The speed of the subsequent curing process is controlled by a person skilled in the art, inter alia by the method of curing, the amount of curing agent, the residence time, the temperature and the pressure. A person skilled in the art appropriately establishes the abovementioned parameters for the compression process by means of preliminary experiments. The curing can be measured indirectly by the metal adhesion (Cu adhesion measurement according to IPC-TM-650 2.4.8).
On compression of the dried intermediate layer on the sheet-like substrate material with copper foils at elevated temperature, the components form. Preferably, the metal foil is applied to the intermediate layer immediately after drying and is compressed. The surface
quality of the press plate is very important for the quality of the components and hence no dirt particles and foreign particles are permitted to be present between press plates, the intermediate layer and the metal foils. Typical press conditions are, for example, from 20 to 120, preferably from 20 to 80 and particularly preferably from 20 to 60 minutes at temperatures of from 120 to 200°C and preferably from 140 to 200°C, for example for an epoxy resin or other resins. The compression can also be carried out stepwise at increasing temperatures for different durations, it being possible to start with temperatures below 100°C, for example 80°C. More typical press conditions for other resins are known to a person skilled in the art. On compression, the slight differences in layer thickness which result from the coating and are still present after the drying are compensated. Presses which may be used are multilayer presses or continuously operating presses. In a compression process with the use of multilayer presses, from 10 to 20 components for electrical apparatuses can be simultaneously produced.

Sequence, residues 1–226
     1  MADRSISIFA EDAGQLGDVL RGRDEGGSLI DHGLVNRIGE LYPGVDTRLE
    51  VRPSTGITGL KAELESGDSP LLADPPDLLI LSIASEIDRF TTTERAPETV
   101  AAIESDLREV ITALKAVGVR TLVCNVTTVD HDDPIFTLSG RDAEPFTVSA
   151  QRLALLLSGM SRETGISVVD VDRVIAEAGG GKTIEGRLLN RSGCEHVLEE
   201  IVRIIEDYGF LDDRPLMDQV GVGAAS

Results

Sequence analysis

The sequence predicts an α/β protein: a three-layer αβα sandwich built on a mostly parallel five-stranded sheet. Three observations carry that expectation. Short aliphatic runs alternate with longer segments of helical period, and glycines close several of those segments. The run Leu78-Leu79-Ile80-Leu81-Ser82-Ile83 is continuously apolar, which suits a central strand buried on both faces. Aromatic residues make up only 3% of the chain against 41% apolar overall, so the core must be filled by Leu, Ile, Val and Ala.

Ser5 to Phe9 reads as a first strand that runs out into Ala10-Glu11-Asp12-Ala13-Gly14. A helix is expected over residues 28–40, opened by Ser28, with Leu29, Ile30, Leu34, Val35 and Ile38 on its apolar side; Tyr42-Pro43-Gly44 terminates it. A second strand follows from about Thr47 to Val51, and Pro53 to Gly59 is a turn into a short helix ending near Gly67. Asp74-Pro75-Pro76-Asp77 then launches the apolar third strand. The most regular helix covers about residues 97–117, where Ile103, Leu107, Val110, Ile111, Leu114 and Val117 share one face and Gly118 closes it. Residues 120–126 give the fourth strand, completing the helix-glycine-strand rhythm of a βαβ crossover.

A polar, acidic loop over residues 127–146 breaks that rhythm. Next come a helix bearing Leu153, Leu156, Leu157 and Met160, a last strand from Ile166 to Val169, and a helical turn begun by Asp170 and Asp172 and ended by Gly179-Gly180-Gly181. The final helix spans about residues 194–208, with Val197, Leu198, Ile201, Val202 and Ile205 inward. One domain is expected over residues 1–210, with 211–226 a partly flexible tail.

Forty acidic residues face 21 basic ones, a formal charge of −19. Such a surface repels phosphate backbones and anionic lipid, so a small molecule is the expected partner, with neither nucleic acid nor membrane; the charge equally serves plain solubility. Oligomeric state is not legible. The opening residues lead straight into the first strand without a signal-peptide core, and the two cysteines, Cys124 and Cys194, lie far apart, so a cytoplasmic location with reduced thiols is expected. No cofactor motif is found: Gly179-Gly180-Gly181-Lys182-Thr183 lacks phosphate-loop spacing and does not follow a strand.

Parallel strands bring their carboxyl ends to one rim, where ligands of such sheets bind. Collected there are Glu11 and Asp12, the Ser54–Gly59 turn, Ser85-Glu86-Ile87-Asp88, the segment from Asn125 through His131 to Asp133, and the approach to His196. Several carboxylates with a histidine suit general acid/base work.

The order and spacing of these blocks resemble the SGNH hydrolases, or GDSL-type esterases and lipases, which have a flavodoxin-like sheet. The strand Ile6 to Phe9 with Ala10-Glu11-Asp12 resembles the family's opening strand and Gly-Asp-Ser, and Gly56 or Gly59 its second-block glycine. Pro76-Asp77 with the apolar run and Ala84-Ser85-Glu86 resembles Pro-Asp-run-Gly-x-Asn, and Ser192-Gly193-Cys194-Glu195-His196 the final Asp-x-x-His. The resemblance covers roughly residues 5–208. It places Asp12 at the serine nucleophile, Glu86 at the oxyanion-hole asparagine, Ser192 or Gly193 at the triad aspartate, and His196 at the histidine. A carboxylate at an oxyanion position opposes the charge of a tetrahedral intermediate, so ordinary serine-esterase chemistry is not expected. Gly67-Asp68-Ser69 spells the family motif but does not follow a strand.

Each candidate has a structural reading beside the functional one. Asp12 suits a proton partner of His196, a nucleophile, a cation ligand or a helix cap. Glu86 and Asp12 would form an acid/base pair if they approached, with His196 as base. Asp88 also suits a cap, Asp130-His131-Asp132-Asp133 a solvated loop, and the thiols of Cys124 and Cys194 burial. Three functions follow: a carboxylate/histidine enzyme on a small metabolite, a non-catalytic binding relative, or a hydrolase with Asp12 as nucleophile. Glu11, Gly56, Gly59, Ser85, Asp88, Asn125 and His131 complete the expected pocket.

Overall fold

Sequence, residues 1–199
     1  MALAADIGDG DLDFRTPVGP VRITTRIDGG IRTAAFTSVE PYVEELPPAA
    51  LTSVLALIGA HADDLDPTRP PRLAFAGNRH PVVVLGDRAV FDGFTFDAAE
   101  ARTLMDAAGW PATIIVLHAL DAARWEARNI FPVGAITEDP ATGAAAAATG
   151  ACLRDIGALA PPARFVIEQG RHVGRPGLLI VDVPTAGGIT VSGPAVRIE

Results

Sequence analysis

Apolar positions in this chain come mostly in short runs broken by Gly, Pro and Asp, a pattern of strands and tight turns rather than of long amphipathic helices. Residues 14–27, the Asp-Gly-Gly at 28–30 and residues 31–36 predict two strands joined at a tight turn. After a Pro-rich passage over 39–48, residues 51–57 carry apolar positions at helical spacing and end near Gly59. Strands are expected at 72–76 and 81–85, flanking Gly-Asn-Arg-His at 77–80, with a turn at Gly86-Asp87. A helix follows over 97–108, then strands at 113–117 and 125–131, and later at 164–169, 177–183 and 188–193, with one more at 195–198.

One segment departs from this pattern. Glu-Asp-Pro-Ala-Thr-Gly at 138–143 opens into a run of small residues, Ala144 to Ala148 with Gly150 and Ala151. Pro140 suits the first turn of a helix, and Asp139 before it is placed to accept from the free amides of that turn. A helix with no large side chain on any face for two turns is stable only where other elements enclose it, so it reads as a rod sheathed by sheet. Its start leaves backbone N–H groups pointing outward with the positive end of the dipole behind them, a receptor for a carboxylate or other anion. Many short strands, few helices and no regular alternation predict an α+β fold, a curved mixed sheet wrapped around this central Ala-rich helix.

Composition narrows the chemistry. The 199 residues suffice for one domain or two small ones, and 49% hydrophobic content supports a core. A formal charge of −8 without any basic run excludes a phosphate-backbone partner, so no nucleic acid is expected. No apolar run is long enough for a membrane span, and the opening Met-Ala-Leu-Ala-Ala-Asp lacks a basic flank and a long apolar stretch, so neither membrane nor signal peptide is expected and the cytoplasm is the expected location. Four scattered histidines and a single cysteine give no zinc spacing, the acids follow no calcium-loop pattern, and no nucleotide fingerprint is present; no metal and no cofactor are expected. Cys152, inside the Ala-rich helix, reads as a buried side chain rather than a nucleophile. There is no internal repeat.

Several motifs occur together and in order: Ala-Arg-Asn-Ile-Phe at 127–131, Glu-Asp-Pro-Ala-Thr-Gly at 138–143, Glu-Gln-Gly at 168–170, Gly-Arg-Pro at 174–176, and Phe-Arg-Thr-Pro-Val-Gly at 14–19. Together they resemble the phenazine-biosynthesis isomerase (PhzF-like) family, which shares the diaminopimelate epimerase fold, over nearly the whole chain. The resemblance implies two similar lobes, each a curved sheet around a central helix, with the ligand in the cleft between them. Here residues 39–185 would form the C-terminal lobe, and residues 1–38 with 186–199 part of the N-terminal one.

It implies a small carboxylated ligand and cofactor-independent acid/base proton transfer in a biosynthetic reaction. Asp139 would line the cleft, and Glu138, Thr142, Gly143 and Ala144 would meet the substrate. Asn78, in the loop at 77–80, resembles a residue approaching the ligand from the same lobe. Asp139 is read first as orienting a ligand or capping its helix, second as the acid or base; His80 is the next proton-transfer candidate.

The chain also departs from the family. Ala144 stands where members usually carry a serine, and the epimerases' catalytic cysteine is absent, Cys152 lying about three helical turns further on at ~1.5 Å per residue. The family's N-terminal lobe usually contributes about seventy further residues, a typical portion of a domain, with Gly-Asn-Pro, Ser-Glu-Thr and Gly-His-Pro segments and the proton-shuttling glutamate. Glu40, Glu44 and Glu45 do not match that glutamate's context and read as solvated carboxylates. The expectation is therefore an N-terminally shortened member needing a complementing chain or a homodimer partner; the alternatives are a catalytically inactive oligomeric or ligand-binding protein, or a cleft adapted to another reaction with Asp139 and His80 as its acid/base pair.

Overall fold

By means of the method according to the invention, the maximum curvature and distortion can be reduced to a minimum. The component producted according to the invention is planar within a tolerance of 5 urn, the planarity being determined according to IPC-TM-650 2.4.8. Subsequent grinding in order to achieve planarity is no longer necessary. A disadvantage process, i.e. a process in which material is removed again, can thus be eliminated, which is advantageous both ecologically and economically.
The coating formulation which is liquid at room temperature contains at least one heat-curable resin, at least one curing agent, optionally a curing accelerator and one or more solvents. A preferably used coating formulation is a dielectric. The coating formulation may additionally contain accelerators, fillers or additives. The molecular weights of the components are preferably in a range from 250 to 8 000, more preferably from 250 to 5 000 and particularly preferably from 250 to 2 000 Dalton.
In the cured state, the resin formed is an irreversible, three-dimensional, polymeric structure. By means of the method according to the invention, a plurality of heat-curable resins can be used. Resins which have a high glass transition temperature (Tg point) are particularly preferred. Resins whose Tg points are greater than or equal to those of FR4 resins (glass fibre-reinforced epoxy resins) are particularly preferred. These resins are very hard and dimensionally stable. In conventional processes, such resins are accordingly more difficult to process. By omitting the roughening process before the copper-plating in the application of the method according to the invention, it is possible to use resins which can be roughened only with difficult using conventional chemical swelling and etching methods.